Sociology and the twenty-first century: Breaking the deadlock and going beyond the postmodern meta-reflection through the relational paradigm

  • Dalessandro S
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Abstract

The fact that sociology was born during the period of the Industrial Revolution does not authorize us to consider its discourse as lacking in philosophical elements that are rooted in a previous age. Neither can we consider as fully accomplished its role for modernity, nonetheless today, in an after-modern climate (in the sense of Donati 2009), sociology is trying to escape the prejudice of modern ethics to go beyond the clichés of postmodernity (Ardigò 1989). Filled with self-reflexivity and reductionist dichotomies, the twenty-first-century sociologist feels the need to “own factual reality again” and to rediscover “a new metaphysics of the social world” (Donati 1993). If self-consciousness is in the world, sociology, perhaps, has to go beyond science and turn into “globology” (Arnason 1990), or into a sociology on a global scale, which looks at how world unification has occurred. In order to accomplish this, it has to be careful about what it was able to do best in the past: “to foresee and to enhance sustainable change,” to be aware of the “relational connections,” which no mathematics will ever be able to show, to build new “memes,” and to decide to accelerate or to go against the phenomena it encounters in its observation. Society in the twenty-first century will go beyond postmodern stagnation and turn into something new (After-modernity? Hyper-modernity? Trans-modernity?) if it is to be helped by the interpretations of sociology. Notwithstanding the endeavors to change, most Westernized countries are trapped in the lib-lab model, while China argues for a complete reconfiguration of the concepts of public and private, states and market, freedom and controls, copyright and copyleft. What is going to happen in the future? Are we going to fall into a technocratic and authoritarian form of neo-modernization? Are we going to rediscover the system of exchanging gifts? Are we going to create a fully “relational” society, going beyond the Hegelian categories of right and left? It will be the role of a “strong and relational” sociology to identify all the “viable” scenarios and to prepare its advent in symbolic terms. [ABSTRACT FROM AUTHOR]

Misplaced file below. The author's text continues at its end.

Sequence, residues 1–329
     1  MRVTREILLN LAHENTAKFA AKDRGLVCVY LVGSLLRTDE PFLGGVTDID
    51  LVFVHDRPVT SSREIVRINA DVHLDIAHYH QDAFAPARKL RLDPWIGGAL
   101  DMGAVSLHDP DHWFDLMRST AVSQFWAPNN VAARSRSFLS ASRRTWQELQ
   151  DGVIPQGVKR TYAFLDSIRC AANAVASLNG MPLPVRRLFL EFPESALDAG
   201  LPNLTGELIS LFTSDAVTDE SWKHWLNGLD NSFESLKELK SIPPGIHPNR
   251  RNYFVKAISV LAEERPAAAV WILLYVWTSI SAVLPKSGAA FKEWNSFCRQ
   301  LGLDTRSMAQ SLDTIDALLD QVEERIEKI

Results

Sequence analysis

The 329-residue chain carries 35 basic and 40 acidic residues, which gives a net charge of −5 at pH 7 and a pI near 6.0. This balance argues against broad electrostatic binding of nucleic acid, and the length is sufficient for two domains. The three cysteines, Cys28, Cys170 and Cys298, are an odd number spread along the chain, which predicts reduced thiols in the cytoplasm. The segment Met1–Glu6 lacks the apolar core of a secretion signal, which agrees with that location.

Author-supplied keywords

  • After-modernity
  • globology
  • meta-observation post-human
  • postmodernity
  • relational
  • self-reflexivity
  • trans-human

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Authors

  • Simone Dalessandro

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